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A patient with a deep vein thrombosis (DVT) has a blood clot that has formed in a vein deep within the body.  This is a medical emergency.

The potential danger of a DVT is a pulmonary embolism.  This occurs when a blood clot breaks loose, moves through the circulatory system, and lodges in blood vessels in the lung.  Understanding more about this condition and its risk factors could save a life.

Overview of Deep Vein Thrombosis

Healthcare providers refer to a DVT by several names.  One of the most common is venous thrombosis.  According to the National Heart, Lung, and Blood InstituteDVTs can occur anywhere in the body but are most common in the lower leg or the thigh.

A loose clot is an embolus.  When it lodges in a vessel in the lungs and blocks blood flow, the result is a pulmonary embolism or PE.  Physicians consider PEs extremely serious because they can damage the lungs as well as other organs and are potentially fatal.

A number of conditions can foster the formation of a blood clot in a deep vein:

  • Damage to the inner lining of a vein from surgery, injury, inflammation, chemicals, or other factors
  • Sluggish or slowed blood flow, typically after surgery or traveling for an extended period
  • Blood that is thicker or more prone to clotting than normal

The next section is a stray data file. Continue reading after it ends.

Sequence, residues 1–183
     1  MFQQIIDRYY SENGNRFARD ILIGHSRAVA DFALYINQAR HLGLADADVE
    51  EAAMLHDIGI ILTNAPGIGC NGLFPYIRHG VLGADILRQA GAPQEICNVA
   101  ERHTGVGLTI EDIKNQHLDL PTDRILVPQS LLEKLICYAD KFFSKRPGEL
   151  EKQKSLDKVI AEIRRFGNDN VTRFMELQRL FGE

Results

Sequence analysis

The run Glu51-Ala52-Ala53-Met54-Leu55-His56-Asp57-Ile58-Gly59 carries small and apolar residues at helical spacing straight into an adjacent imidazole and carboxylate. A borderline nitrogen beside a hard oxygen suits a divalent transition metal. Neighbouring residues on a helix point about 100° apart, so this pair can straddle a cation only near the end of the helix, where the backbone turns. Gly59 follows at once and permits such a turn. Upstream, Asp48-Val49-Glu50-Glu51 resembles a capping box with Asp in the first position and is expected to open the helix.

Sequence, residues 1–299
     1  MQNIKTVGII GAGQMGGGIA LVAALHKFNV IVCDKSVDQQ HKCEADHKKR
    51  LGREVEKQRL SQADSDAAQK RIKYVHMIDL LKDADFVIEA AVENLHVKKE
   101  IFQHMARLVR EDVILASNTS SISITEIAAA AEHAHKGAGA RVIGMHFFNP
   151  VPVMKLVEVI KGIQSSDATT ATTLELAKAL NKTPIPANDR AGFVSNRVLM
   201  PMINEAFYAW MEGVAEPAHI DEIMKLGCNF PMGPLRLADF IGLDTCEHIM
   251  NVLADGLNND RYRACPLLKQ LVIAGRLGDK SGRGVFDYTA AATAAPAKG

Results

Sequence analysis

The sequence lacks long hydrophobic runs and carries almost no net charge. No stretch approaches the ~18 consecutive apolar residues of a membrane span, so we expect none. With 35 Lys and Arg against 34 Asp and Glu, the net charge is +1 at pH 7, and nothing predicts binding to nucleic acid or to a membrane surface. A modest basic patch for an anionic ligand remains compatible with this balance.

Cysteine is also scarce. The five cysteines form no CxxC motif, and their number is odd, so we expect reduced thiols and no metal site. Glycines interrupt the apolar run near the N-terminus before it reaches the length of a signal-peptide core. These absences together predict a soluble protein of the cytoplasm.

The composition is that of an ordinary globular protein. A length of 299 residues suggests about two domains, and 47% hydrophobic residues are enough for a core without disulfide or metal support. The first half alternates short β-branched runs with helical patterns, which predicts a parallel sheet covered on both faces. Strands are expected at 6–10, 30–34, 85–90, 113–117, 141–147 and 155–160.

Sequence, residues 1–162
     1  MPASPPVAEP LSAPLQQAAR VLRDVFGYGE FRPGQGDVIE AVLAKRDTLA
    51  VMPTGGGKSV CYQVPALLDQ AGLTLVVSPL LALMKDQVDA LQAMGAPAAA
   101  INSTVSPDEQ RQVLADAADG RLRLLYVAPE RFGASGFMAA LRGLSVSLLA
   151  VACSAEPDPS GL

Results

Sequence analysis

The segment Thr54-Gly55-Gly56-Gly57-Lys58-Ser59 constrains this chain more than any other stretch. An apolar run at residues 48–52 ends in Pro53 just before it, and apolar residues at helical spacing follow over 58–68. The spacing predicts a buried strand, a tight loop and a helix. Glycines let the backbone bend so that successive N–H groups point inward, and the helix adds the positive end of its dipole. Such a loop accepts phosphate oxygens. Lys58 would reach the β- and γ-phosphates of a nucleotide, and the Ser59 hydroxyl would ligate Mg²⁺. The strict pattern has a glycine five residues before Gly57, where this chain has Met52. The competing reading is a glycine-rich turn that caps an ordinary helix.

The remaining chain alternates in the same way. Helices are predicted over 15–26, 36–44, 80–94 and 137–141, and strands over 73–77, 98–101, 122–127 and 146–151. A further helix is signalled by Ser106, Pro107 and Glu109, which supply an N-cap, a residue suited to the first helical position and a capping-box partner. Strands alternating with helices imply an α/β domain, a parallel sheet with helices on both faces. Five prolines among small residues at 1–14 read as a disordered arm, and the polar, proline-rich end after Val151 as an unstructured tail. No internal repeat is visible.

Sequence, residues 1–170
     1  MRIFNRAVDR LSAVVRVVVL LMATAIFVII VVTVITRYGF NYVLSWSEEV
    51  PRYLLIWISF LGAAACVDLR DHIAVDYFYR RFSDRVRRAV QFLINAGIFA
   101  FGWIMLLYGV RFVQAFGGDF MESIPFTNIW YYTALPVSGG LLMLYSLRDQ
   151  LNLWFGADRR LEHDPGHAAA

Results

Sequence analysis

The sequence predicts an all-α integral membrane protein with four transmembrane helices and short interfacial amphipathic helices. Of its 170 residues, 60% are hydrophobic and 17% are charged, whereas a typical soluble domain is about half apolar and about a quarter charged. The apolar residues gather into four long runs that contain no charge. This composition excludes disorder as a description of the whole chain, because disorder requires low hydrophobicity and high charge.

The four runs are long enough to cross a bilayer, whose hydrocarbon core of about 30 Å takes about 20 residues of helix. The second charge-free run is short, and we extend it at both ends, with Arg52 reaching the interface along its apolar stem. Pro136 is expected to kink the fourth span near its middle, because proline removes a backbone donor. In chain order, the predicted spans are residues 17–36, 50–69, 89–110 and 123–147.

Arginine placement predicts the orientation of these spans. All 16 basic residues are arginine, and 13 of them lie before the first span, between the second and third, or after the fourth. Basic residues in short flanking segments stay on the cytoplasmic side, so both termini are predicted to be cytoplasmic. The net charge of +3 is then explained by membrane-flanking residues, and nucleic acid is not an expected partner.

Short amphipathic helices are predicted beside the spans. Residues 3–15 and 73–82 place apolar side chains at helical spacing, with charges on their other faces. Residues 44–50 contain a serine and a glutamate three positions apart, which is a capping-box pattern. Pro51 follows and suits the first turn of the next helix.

The Mayo Clinic notes that sometimes DVTs occur without any obvious symptoms.  However, the most common signs include:

  • Swelling of the limb
  • Leg pain, cramping, or soreness that typically originates in the calf
  • The skin on the leg that is red or otherwise discolored
  • A sensation of warmth in the leg

Physicians who treat vein disease diagnose and treat DVTs.

A P.E. requires immediate medical attention.  Typical symptoms include:

  • Being suddenly short of breath
  • Chest discomfort that gets worse when coughing or inhaling deeply
  • Fainting or a sensation of being dizzy or lightheaded
  • Rapid pulse rate
  • Coughing up blood

What are the DVT Risk Factors?

The more risk factors that are present, the greater the chance that a patient will develop a DVT.  Factors that elevate risk include:

  • Inherited blood clotting disorder
  • Paralysis or an extended period of bed rest
  • Surgery or injury to veins
  • Pregnancy, extending up to six weeks postpartum
  • Oral contraceptives or hormone replacement therapy
  • Carrying excess weight
  • Smoking
  • Certain types of cancer and cancer treatment
  • Heart failure
  • Inflammatory bowel disease
  • A family history of DVT or PE
  • Age greater than 60
  • Prolonged periods seated

Treatment and Prevention

An ultrasound exam, a specific blood test, venography, and MRI or CT scans are all tools vein specialists use to make a DVT diagnosis in addition to a physical exam.  After a positive diagnosis, physicians will recommend lifetime patient monitoring for DVTs and other vein disease issues.

The goal of DVT treatment is preventing a clot from enlarging or breaking away to cause a PE.  After a successful outcome, the objective becomes lowering the risk of another DVT.  Treatment options include blood thinners taken orally or by injection, clot busters administered via IV or catheter, a vena cava filter, and/or wearing compression stockings.

After a DVT, a patient needs to monitor his or her diet, be alert for excessive bleeding, and make frequent contact with the treating physician.  Experiencing plenty of physical movement, especially after surgery or bed rest, is also important.